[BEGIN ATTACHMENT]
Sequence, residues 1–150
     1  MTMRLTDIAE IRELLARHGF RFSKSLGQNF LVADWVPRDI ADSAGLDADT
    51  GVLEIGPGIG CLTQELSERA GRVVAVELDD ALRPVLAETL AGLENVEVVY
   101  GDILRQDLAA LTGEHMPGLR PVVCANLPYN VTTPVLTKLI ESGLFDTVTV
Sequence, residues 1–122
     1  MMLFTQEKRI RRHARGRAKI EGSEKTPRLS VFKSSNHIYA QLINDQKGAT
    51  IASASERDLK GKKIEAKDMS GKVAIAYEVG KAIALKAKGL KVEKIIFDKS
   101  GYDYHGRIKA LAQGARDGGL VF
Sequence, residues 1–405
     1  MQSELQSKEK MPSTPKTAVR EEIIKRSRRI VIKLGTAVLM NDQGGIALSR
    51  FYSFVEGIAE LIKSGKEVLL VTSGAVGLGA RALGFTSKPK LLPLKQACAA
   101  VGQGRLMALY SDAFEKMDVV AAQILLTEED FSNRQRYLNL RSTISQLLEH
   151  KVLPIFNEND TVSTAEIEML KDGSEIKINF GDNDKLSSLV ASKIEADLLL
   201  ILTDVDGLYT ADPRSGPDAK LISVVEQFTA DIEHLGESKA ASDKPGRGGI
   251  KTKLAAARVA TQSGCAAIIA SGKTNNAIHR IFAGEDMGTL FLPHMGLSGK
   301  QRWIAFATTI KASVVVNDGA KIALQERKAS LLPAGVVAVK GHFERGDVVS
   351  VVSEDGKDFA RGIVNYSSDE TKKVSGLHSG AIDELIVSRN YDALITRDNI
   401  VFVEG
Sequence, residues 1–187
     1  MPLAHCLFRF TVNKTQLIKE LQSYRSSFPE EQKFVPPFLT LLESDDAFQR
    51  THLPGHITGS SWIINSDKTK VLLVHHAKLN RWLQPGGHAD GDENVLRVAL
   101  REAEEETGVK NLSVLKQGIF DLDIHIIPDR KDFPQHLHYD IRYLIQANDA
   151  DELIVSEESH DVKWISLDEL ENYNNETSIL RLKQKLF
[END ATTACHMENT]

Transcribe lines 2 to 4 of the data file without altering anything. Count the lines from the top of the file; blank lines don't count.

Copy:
     1  MTMRLTDIAE IRELLARHGF RFSKSLGQNF LVADWVPRDI ADSAGLDADT
    51  GVLEIGPGIG CLTQELSERA GRVVAVELDD ALRPVLAETL AGLENVEVVY
   101  GDILRQDLAA LTGEHMPGLR PVVCANLPYN VTTPVLTKLI ESGLFDTVTV